basically amazing books

I just finished reading The Hate U Give, and man, what a good book! Without giving any of the plot away, it somehow manages to be simultaneously heartbreaking and uplifting, with a happy AND sad ending and an afterword that gave me chills. It’s nuanced and funny and basically, even if it wasn’t super topical (which it really is), it’d still be an amazing book. I give it approximately 40 stars out of 10 and honestly think everyone should read it. It’s just that good.

I like the idea of the maximum ride books more than the actual books themselves

anonymous asked:

Hey buddy, I have annoying art questions if you wouldn't mind answering! I know you've probably answered them before but I couldn't find them in my search through your blog. 1. What paper do you use when you use ink? 2. What ink and brushes do you use? 3. Do you have any advice for artists who are just starting out besides practice? Any books you'd recommend or anything? Keep doing what you're doing.

Hello! Sure thing I can do my best to answer these q’s.

1. Paper! I like really textured paper. I’ll also use try any kind of paper I can get my hands on. I prefer cold press to warm press paper, which is how the paper is made. 

Cold press = toothy and textured. If you touch it, you can feel the ridges and bumps

Warm press = silky smooth like a baby’s bottom. Drawing on this is like butter and you can slip and slide all around.

The specific paper I grab for at the moment is any cold press watercolor paper from strathmore, arches, any of the major paper guys. If it’s thick (think 80lb-100lb), I know I can put a lot of ink on the paper without it warping too much. I’ve also inked on French’s paper, but I mostly use that for screenprinting.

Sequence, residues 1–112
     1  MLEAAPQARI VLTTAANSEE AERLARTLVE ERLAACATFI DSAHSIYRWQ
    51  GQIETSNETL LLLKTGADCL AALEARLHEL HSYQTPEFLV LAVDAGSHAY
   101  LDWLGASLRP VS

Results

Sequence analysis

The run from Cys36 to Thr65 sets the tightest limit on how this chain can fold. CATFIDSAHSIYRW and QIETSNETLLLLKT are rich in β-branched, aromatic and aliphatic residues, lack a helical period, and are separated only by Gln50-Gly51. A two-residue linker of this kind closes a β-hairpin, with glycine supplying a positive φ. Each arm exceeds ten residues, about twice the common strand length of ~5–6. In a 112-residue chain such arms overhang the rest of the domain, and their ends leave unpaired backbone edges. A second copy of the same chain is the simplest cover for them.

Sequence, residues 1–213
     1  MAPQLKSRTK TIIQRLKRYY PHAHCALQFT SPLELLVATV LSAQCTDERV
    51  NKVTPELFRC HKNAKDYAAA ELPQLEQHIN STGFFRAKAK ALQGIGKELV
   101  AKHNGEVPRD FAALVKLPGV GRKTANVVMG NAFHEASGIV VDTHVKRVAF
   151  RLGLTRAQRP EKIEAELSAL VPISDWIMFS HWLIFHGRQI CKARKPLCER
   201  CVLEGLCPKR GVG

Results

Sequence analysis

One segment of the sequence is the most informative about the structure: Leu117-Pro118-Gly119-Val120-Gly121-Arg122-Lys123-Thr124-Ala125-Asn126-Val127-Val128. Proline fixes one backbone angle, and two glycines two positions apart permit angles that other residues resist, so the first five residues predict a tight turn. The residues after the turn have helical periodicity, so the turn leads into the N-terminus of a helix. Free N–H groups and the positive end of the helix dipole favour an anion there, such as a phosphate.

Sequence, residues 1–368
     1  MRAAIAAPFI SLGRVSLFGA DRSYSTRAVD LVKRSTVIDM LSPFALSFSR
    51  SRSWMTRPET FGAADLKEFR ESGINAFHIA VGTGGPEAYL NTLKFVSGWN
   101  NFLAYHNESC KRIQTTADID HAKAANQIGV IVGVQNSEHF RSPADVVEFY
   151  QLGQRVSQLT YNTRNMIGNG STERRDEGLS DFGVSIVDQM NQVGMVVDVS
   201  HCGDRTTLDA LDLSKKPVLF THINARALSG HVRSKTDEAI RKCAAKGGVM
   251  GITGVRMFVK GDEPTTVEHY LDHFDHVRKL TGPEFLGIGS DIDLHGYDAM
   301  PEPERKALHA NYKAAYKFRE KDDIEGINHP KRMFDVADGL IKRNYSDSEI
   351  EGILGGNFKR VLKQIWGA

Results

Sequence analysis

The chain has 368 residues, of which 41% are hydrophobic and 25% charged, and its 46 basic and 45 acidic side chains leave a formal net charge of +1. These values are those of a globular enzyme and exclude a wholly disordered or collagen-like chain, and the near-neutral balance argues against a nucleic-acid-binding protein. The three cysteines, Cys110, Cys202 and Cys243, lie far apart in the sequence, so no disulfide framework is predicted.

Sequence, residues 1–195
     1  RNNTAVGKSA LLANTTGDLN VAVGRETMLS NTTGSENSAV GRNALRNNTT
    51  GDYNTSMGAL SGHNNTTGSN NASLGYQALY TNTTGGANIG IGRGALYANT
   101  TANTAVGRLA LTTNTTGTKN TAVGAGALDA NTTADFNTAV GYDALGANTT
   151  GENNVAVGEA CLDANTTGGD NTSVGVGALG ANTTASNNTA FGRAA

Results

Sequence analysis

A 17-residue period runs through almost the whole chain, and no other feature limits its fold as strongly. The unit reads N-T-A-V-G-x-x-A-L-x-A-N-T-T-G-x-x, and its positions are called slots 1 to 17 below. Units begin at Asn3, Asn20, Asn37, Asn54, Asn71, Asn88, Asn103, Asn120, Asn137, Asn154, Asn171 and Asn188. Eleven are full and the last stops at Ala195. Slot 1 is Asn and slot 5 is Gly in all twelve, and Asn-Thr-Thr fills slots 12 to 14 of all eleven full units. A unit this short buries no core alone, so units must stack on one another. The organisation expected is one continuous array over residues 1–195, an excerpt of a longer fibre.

2. Ink! I use speedball mostly, but I also use sumi ink and I’ve used higgins from time to time in the past. Speedball and sumi ink seems to work for me right now, so I’ve kept it around.

3. Practice is a big deal. Draw everything. Draw anything. Honestly, learn to keep yourself moving, because the muscle memory will be there whatever the hell you’re doing or drawing. You don’t even have to be drawing a specific things, just make lines on a page and see where it takes you.

Experiment! Try new things. Go to an art store, or any store, and buy something cheap or nice or whatever JUST TO TRY OUT AS A TOOL (or paper texture or paint, etc…). see what happens. This is where the breakthroughs in technique occur! The only way to figure out what you like is to go through a bunch of options and narrow it down for yourself. 

Make lists of things you like or want to draw or work on, and save it for a day when you don’t know what to do (I drew a lot of little robots several years ago…tiny robots were definitely on my list). The things on your list might change! That’s cool. This can be project ideas, nouns, dream jobs that you’d like to work on.

Get rid of the idea that everything you do is sacred or has to be amazing. It’s not, and that’s okay! I know I make some grade A shit sometimes. The thing is….you can always do it again. And you can always make it better. And whether it seems like it or not, you’re learning because you can recognize that something isn’t working, and though you might not know how to fix it yet, seeing the fact that there IS something wrong is SOMETHING.

I don’t know what the name of this book is, but there’s this really amazing book basically about how drawing is about learning to see. Which is EXACTLY what drawing is. It’s about really seeing what’s in front of you, learning it, putting it through your filter and having it come back out as you drawing. More about the mental aspect of doing vs. the technicality of it. Of course knowing those building blocks are important, but to push yourself as an artist it’s about adding to that.

Holy hell, this is really long, so I apologize but I hope this helped!